Crown seeks life in B.C. skinhead sentencing hearing

Crown prosecutors in British Columbia have asked the court to impose a life sentence on five men, on trial for the beating death of Sikh caretaker Nirmal Singh Gill.

Self-proclaimed white supremacist Nathan LeBlanc, along with the four other accused, has pleaded guilty to manslaughter in the brutal beating.

At the sentencing hearing Monday, the Crown called witnesses and introduced evidence, trying to prove the murder was motivated by hate.

A letter written by LeBlanc to John William King, a man convicted in Texas of one of the goriest racial killings in the state's history, was presented as evidence to the court.

Writing from prison in B.C., LeBlanc wrote: "Dear John ... you should have been given a medal ... [the victim] should have been left by the side of the road as an example to those who would cause the destruction of our glorious white nation."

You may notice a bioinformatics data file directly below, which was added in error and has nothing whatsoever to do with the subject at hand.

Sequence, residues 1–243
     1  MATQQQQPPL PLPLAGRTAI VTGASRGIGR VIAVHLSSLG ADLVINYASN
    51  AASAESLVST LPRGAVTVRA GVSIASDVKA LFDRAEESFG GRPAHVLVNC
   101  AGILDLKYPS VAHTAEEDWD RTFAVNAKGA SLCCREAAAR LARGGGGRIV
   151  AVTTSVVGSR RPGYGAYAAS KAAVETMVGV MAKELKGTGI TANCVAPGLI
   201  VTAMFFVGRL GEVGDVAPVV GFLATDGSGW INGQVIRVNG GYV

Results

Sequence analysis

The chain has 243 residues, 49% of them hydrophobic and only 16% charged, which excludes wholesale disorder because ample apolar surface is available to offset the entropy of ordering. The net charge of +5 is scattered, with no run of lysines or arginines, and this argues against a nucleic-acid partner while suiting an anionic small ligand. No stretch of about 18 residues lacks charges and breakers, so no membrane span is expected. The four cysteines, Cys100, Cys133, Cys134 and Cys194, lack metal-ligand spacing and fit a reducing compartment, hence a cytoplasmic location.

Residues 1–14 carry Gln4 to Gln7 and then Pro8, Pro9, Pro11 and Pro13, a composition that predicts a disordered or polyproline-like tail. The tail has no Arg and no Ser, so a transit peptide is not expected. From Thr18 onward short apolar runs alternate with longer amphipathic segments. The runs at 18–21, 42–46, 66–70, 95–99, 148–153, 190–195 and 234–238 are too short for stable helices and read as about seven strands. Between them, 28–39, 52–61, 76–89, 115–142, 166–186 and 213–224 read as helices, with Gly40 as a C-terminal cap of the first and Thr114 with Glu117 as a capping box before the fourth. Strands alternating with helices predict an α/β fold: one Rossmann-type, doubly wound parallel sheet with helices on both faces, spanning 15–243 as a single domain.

Nirmal Singh Gill was stomped to death in the parking lot of the Sikh temple in Surrey in January 1998.

Other evidence presented by the Crown includes a series of police wiretaps and surveillance videos. The tapes show the five accused bragging and laughing about the killing, and pouring out their hatred of various minority groups.

There is also mention of what they call "Plan B" -- the mass murder of Sikh school children.

The Sikh community has responded to these revelations with anger and fear.

"This is a cold blooded murder that affects our community. It affects our relationship with the mainstream community," says Nirmal Nanner.

Temple president Balwant Singh Gill says some of the news is frightening. "They wanted to kill hundreds and hundreds of school kids, that's very disturbing, upsetting news and scary," he says.

The extraordinary evidence in the case suggests a wide network of Canadian skinheads hoping to incite what they call "racial holy war."

Next week though, defence counsel will be in court arguing that this evidence should not be released to the public.